How much do you know about fungi?
Probably not much at all or your answer could be that they are usually found after rain, growing out of cow patties and taste great on pizza.
WARNING: Don’t eat any fungi growing out of animal manure! Only a small percentage of fungi, worldwide, are non-poisonous and as the saying goes,”All mushrooms are edible but only once in a life-time.”
Farmers grow great fungi, so it is best to leave it up to them and buy your mushrooms at the shops.
Most people think fungi are plants but they don’t have chlorophyll and do not conduct photosynthesis. In fact, fungi are more closely related to animals. They now hold their own status up there with plants and animals as the three major multicellular groups of the domain of Eukaryota.
Along with cats and wrinkly, old ladies from remote villages in Asia, I enjoy photographing fungi. Yes, I know it must sound like I live a pretty boring life when I resort to photographing objects which don’t have a personality, but honestly, fungi are great subjects. Unlike, cats and old ladies, I can get up close and personal without having my eyes scratched out and I don’t need a translator. Fungi can be hard and strong or soft and fragile. They can be found in the most amazing colours but most importantly, they perform an essential role in ecosystems where they decompose organic matter.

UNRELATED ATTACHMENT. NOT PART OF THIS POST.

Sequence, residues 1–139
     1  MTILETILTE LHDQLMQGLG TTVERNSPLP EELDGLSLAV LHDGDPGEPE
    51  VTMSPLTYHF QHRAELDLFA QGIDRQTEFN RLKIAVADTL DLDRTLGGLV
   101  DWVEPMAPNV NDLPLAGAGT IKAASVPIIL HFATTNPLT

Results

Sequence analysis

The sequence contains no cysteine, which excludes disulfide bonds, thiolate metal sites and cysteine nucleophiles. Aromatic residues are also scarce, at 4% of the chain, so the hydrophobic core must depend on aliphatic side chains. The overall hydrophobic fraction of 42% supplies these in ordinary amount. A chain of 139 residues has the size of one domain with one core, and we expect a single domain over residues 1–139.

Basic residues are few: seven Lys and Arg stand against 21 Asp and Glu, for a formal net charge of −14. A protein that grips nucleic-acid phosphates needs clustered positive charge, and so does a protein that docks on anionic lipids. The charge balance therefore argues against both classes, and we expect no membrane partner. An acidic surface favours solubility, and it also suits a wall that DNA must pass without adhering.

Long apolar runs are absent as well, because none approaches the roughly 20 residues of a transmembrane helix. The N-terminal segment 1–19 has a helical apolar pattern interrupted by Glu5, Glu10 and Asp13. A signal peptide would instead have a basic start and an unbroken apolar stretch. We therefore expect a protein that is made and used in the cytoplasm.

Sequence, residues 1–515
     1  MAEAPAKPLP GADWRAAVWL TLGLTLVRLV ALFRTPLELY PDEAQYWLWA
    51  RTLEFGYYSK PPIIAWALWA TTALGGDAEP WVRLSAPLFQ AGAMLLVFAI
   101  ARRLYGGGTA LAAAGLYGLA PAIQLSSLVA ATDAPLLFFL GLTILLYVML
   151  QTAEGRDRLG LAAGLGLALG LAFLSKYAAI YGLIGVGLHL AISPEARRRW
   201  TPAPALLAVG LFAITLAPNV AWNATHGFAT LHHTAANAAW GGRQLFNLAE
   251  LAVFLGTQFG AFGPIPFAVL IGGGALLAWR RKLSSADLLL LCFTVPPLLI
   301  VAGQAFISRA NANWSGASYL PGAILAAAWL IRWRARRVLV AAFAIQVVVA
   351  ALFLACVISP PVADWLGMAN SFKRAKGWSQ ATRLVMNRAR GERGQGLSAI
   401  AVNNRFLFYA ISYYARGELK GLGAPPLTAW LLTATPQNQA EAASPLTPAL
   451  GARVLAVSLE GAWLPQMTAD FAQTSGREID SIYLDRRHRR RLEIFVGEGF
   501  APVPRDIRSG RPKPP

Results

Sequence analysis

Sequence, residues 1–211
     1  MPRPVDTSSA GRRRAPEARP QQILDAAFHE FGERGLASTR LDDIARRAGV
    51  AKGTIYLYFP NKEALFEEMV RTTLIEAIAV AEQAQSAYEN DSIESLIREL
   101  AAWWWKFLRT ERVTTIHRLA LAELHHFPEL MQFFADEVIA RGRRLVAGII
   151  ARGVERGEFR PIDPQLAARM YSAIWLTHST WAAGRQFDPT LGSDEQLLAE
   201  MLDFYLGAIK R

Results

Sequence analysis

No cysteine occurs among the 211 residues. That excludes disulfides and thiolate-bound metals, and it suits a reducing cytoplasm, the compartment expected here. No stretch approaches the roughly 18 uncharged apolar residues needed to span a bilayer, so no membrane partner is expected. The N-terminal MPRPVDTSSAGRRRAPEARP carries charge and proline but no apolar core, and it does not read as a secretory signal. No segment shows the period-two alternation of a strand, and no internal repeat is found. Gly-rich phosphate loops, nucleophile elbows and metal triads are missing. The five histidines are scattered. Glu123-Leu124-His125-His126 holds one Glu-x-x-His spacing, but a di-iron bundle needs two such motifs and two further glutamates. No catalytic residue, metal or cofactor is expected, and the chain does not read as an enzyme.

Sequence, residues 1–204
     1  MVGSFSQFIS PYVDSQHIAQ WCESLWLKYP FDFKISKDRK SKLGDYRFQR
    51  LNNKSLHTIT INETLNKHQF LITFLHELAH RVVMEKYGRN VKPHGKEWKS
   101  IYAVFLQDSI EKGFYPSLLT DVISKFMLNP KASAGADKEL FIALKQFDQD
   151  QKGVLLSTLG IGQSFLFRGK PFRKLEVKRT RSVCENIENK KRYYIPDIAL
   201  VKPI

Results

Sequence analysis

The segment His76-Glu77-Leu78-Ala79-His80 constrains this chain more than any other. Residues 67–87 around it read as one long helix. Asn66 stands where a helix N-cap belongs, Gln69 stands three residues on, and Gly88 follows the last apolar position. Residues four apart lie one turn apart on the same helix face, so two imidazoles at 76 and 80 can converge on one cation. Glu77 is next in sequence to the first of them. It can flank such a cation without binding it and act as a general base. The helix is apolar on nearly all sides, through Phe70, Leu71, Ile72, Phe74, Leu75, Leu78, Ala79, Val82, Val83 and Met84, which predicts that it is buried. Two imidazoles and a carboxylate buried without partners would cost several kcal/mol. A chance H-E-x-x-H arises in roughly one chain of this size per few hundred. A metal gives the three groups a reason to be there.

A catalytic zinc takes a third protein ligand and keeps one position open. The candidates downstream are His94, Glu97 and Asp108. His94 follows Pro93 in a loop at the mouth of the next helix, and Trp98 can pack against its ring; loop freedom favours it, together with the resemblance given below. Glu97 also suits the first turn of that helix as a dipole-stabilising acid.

After recent rain it was “Friday Fungi Photo Day,” and like a bush turkey, I scratched around in my local rainforest in search of nature’s gifts. A few ticks and leeches later, I found my prizes, all within the space of 50 meters. To be able to experience fungi first-hand in my own little bit of heaven is a special reminder that all living organisms are important and valued members of the rainforest ecosystem.